Written: Written before March 29, 1913
Published: Sent from Cracow to Paris. Printed from the original. Published for the first time in the Fourth (Russian) Edition of the Collected Works.
Source: Lenin Collected Works, Progress Publishers, , Moscow, Volume 35, pages 93-94.
Translated: Andrew Rothstein
Transcription\Markup: R. Cymbala
Public Domain: Lenin Internet Archive. You may freely copy, distribute, display and perform this work, as well as make derivative and commercial works. Please credit “Marxists Internet Archive” as your source. • README
Dear L. B.,
I received your letter today and ... from the report on the Third Duma group. Thanks. I passed it on today to Malinovsky, who is here; ... is leaving today....
It’s strange, very strange indeed, about Dan! He lives quite freely, goes to the group, is the editor of Luch, etc.!! The secret police are playing some big game here!
There are heavy arrests at home. Koba has been arrested. We have discussed with Malinovsky what measures to take. The circulation of Pravda is 30–32 thousand on week-days and 40–42 thousand on holidays. There is a general cry that we haven’t the people. The liquidators have a mass of intellectuals, while all ours get arrested.
It’s been decided “in principle” to abolish the extra sheets and to publish weekly supplements to Pravda, for an extra payment, of 4–8--12 pages (in place of Zvezda); it would be a good thing if successful—but the lack of people is a hindrance.
The Six get on very well together, but complain that it’s hard going....
All the “intelligentsia” are with the liquidators. The mass of the workers are with us (40,000 Pravda, against 12,000 Luck) but the workers are producing their own intelligentsia with the greatest difficulty. Slowly and with difficulty.
Party affairs in Russia in general are obviously improving. Workers’ circles, groups and organisations are obviously developing everyhwere and growing stronger. Expanding. And the Urals and the South and Moscow Region ( particularly). In the Caucasus there is an improvement (latest information is that there are arrests again)....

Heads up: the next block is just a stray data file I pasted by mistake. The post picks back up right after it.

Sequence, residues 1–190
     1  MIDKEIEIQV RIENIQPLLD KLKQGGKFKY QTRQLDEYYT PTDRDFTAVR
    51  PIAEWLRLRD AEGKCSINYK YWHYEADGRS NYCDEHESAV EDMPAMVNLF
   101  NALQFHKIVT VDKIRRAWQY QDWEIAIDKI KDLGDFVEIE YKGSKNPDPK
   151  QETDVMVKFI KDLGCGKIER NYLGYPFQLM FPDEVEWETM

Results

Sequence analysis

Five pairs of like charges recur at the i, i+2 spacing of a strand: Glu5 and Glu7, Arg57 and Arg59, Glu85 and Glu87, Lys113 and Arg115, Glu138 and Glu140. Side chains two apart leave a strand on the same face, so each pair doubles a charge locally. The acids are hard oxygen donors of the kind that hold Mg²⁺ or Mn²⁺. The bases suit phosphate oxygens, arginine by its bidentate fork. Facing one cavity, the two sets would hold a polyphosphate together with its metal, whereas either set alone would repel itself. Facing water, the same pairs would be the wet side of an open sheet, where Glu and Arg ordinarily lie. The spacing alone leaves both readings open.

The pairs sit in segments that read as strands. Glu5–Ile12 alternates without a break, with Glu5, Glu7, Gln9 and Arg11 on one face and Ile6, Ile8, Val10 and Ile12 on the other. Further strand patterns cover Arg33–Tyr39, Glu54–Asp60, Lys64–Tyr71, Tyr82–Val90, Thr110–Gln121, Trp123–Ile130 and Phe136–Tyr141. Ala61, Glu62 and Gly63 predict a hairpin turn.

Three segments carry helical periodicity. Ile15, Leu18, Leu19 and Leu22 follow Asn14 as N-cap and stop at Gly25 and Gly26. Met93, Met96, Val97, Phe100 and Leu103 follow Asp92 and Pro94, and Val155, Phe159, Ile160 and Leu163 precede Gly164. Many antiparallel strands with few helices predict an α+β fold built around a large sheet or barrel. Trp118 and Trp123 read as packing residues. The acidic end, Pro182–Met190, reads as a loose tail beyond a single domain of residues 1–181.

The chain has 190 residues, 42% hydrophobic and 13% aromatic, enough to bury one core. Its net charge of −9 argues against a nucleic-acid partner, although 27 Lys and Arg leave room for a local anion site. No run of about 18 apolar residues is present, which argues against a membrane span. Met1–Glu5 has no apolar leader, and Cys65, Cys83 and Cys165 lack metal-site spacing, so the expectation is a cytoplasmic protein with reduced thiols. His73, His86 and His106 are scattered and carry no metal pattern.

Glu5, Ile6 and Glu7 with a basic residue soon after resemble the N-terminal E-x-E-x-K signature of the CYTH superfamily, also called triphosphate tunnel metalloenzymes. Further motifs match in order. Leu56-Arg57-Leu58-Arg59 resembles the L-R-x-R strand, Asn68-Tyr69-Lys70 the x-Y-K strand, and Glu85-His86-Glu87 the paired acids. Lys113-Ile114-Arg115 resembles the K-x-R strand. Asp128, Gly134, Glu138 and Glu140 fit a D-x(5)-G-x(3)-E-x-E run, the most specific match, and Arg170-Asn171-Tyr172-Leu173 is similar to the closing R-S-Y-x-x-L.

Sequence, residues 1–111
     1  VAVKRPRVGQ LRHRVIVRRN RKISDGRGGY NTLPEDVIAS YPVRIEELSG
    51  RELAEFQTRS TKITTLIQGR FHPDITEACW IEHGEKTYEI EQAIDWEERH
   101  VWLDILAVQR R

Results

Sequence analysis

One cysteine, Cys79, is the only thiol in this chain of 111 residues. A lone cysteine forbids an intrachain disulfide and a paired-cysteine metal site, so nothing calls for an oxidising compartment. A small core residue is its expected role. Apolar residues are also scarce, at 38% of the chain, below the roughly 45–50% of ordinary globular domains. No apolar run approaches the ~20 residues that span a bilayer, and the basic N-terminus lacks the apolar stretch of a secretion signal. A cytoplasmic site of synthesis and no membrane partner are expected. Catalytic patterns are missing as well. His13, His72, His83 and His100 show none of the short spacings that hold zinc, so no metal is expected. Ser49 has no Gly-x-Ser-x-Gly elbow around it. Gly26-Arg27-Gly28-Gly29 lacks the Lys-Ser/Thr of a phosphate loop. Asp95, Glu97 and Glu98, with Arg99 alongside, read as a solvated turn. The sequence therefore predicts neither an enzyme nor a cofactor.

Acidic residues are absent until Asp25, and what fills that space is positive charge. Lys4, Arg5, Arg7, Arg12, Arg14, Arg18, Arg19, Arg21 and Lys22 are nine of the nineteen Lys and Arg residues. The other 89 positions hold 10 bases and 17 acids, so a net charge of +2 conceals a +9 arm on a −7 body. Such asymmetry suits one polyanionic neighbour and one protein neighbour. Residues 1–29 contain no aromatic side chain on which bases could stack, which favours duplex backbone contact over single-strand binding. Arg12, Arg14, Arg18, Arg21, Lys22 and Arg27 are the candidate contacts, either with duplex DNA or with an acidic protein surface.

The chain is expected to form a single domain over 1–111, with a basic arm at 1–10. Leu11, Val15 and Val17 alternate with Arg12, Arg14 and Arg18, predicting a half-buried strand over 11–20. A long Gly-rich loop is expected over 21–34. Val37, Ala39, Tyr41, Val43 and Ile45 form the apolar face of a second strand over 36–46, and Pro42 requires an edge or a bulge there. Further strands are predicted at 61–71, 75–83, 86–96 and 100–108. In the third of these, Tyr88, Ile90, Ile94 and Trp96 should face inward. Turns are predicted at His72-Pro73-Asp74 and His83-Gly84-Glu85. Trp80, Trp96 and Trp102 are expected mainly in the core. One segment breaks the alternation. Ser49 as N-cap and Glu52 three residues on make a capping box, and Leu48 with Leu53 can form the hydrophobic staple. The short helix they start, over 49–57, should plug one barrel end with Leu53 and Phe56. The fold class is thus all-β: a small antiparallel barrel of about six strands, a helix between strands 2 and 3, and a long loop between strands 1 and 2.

There is an undoubted revival in the Social-Democratic movement. Once again people have begun to give (a little) money. News! There are signs of a revival of revolutionary organisations in the forces. But the tempo of the movement is different somehow, new in some way.
You have, of course, noticed Plekhanov in Pravda? Had his fling and ... returned. What a wobbler he is! Helped Mayevsky (after January 1912)—then abandoned him (August 1912)—was mercilessly attacked by him—now attacks him in turn!! Kiselyov has sent me a long letter, reproaching me for keeping down the pro-Party Mensheviks, of whom I am supposed to be unwarrantedly demanding that they should be “Leninists”. The man’s a crank! But Gr—y thinks this is a “move” by Plekhanov....
Something new in the history of intrigue: K. Radek has put out a pamphlet Meine Abrechnung, against Tyszka, gave him a terrific lambasting. They have promised to send you a copy too.
I have read Rosa’s new book Die Akkumulation des Kapitals. She has got into a shocking muddle. She has distorted Marx. I am very glad that Pannekoek and Eckstein and 0. Bauer have all with one accord condemned her, and said against her what I said in 1899 against the Narodniks. I intend to write about Rosa for No. 4 of Prosveshcheniye.
Koba had time to write a big article on the nationalities problem (for three issues of Prosveshcheniye). Good! We must fight for the truth against the separatists and opportunists of the Bund and among the liquidators.
There is a certain moving of the waters towards Russia: there are more leaving foreign parts to work at home than before.
Trotsky, they say, is offended with Luch.
But I must close. Warm regards from Malinovsky and us all. All the best.
 The manuscript is damaged in places. Several words here and below are illegible.—Ed.
 Mayevsky, Y. (Gutovsky, V. A.) (1875–1918)—Social-Democrat, Menshevik. He contributed to the magazine Nasha Zarya, the newspaper Luch and other Menshevik liquidators’ organs.
 In March and April 1913 Lenin was working on an article to be called “Rosa Luxemburg’s Unsuccessful Addition to Marxist Theory”. He drew up a plan of the article, compiled statistical tables and copied quotations from Marx’s Capital, but the article was never published.